The good people of The Lion and The Mouse run a summer camp in public green space that runs behind their building. It’s filled with tall grass, with little paths curling through and train tracks behind a border fence. Margaret and Gabby led us through to the Maples, a grove of two trees where children were playing. One sat among the dandelions, while another calmly pressed band-aids to her knee. The rest were moving through the trees, talking to one another in French and English.
One of the trees is tall and slender, while the other has low splayed branches. They seemed ideal for climbing on, offering gradations of height and challenge in the cool shade. I sat for awhile watching the children reach for their next handholds, their movements smooth and capable. One held the branch above his head and slowly stretched both legs into the open air. It struck me how much confidence he must have had, in the tree and his own body, all those slowly reaching limbs swaying together in a gentle breeze. I had no sense of rush or difficulty, only the strangest feeling of trees and children taking pleasure in each other.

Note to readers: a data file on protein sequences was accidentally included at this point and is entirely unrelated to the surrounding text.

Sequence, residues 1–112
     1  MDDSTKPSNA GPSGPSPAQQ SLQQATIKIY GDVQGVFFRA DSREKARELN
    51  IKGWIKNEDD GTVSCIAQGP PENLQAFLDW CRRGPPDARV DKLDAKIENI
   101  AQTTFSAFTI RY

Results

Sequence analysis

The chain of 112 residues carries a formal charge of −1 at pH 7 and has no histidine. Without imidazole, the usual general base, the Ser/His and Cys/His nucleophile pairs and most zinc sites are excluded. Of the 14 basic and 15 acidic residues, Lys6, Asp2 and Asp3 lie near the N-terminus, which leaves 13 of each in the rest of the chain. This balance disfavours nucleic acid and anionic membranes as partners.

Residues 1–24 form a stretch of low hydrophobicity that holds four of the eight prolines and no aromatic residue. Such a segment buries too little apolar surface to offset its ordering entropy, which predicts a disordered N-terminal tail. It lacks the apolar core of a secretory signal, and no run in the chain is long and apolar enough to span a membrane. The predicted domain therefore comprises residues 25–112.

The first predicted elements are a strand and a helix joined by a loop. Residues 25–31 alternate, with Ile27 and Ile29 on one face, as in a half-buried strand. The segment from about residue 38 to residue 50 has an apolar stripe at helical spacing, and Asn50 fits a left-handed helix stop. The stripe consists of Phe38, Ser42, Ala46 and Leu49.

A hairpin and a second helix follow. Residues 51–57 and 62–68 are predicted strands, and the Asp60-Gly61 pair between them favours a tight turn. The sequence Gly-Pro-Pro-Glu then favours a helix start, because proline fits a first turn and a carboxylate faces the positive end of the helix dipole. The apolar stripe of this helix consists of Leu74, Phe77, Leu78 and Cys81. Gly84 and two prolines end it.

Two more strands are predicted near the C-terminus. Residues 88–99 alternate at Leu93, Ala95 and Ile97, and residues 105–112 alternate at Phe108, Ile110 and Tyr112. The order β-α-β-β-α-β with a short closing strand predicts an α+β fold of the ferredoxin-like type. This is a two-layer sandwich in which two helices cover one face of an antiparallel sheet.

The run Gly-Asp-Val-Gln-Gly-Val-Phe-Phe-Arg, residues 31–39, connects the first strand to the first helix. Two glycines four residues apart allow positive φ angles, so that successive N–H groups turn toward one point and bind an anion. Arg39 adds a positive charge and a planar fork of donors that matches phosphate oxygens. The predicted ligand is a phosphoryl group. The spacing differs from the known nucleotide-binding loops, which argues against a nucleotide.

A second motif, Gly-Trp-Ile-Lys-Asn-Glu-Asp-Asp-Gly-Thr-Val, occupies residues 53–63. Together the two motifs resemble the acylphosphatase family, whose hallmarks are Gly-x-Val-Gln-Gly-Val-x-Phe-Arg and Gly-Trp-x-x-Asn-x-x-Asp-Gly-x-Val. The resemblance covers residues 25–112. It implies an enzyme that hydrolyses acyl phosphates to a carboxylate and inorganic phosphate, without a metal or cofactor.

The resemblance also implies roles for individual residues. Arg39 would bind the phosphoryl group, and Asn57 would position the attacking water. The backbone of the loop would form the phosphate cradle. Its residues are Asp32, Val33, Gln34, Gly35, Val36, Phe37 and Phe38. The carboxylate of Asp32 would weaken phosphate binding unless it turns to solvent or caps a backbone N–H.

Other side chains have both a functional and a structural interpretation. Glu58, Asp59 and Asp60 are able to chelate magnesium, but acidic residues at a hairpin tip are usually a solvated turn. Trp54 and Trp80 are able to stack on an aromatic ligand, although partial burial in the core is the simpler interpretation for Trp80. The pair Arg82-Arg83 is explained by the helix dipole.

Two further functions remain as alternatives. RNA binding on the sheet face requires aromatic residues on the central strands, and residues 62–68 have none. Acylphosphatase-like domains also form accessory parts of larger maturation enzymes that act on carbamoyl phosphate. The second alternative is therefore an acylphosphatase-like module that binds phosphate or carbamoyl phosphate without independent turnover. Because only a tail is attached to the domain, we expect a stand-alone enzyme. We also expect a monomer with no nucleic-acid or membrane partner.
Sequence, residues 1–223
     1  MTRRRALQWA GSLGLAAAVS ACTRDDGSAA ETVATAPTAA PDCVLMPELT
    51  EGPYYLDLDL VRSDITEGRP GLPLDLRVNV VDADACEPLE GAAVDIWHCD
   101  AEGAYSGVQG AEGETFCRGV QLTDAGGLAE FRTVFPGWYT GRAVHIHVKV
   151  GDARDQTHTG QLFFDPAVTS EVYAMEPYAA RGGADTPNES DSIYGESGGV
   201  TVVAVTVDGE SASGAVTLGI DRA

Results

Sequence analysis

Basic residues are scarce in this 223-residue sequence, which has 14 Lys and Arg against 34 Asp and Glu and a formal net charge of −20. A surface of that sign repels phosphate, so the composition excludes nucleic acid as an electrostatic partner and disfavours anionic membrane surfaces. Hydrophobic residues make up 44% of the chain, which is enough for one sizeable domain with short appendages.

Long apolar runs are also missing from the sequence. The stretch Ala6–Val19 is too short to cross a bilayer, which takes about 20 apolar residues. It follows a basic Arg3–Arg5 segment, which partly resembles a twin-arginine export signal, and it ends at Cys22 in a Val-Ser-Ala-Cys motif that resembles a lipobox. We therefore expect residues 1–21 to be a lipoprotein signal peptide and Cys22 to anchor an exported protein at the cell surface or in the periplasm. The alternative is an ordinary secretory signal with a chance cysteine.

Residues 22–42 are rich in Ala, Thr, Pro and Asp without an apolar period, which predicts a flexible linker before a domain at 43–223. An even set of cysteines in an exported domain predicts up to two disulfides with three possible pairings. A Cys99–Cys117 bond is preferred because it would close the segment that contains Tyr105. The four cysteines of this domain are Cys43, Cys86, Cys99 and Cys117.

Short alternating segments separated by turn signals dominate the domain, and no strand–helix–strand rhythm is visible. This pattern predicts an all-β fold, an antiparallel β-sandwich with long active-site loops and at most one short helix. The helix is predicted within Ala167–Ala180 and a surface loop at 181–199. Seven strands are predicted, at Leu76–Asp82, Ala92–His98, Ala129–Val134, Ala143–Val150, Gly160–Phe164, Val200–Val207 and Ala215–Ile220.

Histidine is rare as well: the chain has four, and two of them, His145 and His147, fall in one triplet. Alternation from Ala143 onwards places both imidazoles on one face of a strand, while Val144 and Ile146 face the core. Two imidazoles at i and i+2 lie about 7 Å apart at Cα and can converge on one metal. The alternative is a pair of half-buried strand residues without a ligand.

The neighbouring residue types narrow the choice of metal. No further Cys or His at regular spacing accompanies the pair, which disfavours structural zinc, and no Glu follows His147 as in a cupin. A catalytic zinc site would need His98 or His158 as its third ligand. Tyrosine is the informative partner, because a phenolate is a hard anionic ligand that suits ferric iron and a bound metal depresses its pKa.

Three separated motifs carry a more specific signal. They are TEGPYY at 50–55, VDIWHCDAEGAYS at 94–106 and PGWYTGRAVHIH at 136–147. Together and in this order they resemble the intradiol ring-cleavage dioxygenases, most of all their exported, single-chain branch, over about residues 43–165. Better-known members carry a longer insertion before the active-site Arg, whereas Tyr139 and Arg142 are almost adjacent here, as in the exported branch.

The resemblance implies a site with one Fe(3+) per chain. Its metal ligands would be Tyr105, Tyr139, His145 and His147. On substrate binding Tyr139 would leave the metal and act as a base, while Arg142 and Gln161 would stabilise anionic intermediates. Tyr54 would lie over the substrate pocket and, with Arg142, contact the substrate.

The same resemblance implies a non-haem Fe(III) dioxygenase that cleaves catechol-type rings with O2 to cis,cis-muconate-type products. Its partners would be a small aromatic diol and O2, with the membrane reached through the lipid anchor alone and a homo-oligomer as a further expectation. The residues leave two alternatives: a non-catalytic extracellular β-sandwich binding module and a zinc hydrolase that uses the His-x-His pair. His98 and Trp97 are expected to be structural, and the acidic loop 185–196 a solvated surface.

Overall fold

In this sweet little location, the Lion and the Mouse are delivering beautiful practice. What’s more, their work is deeply rooted in their community. Staff reach out and talk with everyone – musicians, local residents, friends and family members, passersby, characters on the street. We saw this at the screening of The Land, where our usual post-film Q&A became instead a rich and rambling conversation.
This team should feel proud of the work they’re doing, and the experiences they’re making possible for children. We want to help highlight their gorgeous project, and encourage them to share their stories and pictures! Inspired by adventure playgrounds and forest schools, their work will grow in its own unique direction, organically from the soil of Mile End.